NEW YORK (TheStreet) - Does mobile revenue really matter for retailers?
"Retailers love to talk about mobile - often tossing out huge year/year growth figures in sales and traffic," Wells Fargo Securities retail analysts wrote in a research note on Friday. "Of course this growth is off of a low base, but more importantly does mobile revenue really matter? Is it just a channel shift or is any of it incremental? Does it measure the true importance of mobile in the retail purchase path?"
While the mobile experience, i.e. customers using their tablets and smartphones for shopping purposes, will certainly be a tailwind for some retailers by "extending the desktop" and creating a more connected consumer, it may not be creating a "massive amount of incremental sales," the note says.
Mobile commerce was 13% of e-commerce sales last year, up from 9.3% in 2012, the analysts say, citing Internet Retailer and the Department of Commerce. Still that's just 1%-2% of total retail sales and "likely much less for most retailers," the analysts wrote.
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"We believe mobile is much more important as a customer engagement tool for areas like product research, store and inventory look-up, and targeted local offers," the note says. "We believe retailers should spend less time talking about mobile revenue and more time talking about mobile engagement: mobile traffic, mobile app usage, tasks performed on mobile, and in store mobile usage."
So who's on the bandwagon and who's not?
Wal-Mart (WMT - Get Report) and Amazon (AMZN - Get Report) of course have big presence in the mobile commerce arena, but there are a surprising number of retailers that haven't gotten on the boat yet.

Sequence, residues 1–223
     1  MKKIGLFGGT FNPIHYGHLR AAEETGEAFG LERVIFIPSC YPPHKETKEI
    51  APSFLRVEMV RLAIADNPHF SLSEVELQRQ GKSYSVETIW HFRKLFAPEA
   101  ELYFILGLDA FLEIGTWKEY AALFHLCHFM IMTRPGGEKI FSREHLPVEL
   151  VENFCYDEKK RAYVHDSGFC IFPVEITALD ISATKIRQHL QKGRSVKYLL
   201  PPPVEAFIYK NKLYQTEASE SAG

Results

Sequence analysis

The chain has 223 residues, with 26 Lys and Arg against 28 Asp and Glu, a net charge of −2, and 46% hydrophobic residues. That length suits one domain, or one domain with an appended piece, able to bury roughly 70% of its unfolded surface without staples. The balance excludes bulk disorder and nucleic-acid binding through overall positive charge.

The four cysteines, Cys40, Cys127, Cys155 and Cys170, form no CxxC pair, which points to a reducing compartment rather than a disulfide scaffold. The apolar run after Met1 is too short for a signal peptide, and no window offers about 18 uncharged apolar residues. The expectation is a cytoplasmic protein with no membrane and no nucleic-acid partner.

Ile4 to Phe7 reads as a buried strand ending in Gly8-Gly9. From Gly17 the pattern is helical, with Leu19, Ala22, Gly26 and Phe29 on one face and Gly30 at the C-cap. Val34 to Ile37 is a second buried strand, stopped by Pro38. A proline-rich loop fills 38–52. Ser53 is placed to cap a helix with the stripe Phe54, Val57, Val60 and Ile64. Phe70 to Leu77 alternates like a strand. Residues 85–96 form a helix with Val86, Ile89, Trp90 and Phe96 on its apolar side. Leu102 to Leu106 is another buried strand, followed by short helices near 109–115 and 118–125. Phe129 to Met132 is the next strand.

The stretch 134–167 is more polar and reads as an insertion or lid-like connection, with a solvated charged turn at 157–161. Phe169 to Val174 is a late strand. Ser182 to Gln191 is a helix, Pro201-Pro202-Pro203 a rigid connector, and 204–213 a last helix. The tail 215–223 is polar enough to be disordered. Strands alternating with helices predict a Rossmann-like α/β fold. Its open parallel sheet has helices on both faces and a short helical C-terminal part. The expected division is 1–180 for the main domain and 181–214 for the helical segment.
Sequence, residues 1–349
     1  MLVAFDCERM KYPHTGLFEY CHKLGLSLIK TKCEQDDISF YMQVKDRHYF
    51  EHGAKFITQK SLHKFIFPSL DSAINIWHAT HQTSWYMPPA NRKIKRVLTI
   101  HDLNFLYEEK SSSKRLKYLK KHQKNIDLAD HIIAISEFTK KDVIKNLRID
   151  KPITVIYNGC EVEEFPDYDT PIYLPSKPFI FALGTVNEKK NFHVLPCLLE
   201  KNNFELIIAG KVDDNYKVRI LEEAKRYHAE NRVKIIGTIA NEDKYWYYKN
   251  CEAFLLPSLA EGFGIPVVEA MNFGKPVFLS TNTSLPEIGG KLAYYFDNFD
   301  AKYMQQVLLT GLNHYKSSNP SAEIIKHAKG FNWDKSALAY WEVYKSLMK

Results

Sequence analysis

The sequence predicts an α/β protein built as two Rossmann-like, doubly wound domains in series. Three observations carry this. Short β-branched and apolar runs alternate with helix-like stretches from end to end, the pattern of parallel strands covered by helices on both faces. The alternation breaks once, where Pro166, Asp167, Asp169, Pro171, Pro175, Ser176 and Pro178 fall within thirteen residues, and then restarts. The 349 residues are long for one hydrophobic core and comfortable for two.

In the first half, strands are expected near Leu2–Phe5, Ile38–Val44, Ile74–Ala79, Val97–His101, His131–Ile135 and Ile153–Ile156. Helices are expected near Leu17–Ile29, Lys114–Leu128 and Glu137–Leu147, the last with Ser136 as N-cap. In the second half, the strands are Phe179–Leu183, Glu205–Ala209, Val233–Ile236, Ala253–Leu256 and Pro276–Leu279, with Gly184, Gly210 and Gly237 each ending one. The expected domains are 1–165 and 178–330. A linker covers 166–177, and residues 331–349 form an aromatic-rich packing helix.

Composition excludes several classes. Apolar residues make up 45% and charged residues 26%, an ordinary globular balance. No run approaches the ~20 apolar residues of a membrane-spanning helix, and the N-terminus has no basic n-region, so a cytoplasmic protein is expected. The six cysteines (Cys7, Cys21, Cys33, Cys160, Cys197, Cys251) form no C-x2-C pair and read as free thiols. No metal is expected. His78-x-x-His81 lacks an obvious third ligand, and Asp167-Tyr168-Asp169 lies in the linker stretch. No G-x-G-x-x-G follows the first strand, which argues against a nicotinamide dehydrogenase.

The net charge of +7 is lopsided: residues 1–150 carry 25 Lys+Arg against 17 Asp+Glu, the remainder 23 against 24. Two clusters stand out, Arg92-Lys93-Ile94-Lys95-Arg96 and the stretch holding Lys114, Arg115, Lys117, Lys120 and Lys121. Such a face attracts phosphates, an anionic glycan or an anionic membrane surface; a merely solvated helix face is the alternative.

Of the Wells Fargo Securities coverage list of retail stocks, 43 of the 62 companies have discussed mobile offerings in the past year. That leaves 19 companies that have not said anything about their mobile efforts, including: Ann Taylor (ANN), Burlington Stores (BURL), Five Below (FIVE), J.C. Penney (JCP) and Michael Kors (KORS) (the company's e-commerce business is run by Nieman Marcus).
"While most of these names are not surprising given their minimal e-commerce penetration (some don't even have e-commerce sites), we were surprised to hear no mention of mobile from JCP and ANN over the past year (perhaps they are keeping their initiatives tight-lipped)," the analysts said.
That said, some retail models lend themselves better to mobile while others don't.
"While we think a retailer's absolute mobile commerce sales are somewhat irrelevant, we find it interesting that some retailers are better positioned in mobile than others," the note stated.
"For example, AMZN and WMT are the largest and fourth largest mobile commerce retailers, respectively, according to Internet Retailer, consistent with their eCommerce rankings," the note says. "However, QVC ((LINTA)) and [HSN] (HSNI) are ranked in the mobile top 10 (#3 and #9, respectively), higher than their eCommerce rankings (#5 and #26, respectively), which makes sense given the time sensitive nature of their sales. And then there are companies with a significantly higher eCommerce ranking vs. mobile include [Target] (TGT) (#18 vs. #36 in mobile), [Nordstrom] (JWN) (#28 vs. #56 in mobile), and [Gap] (GPS) (#19 vs. #55 in mobile)."
--Written by Laurie Kulikowski in New York.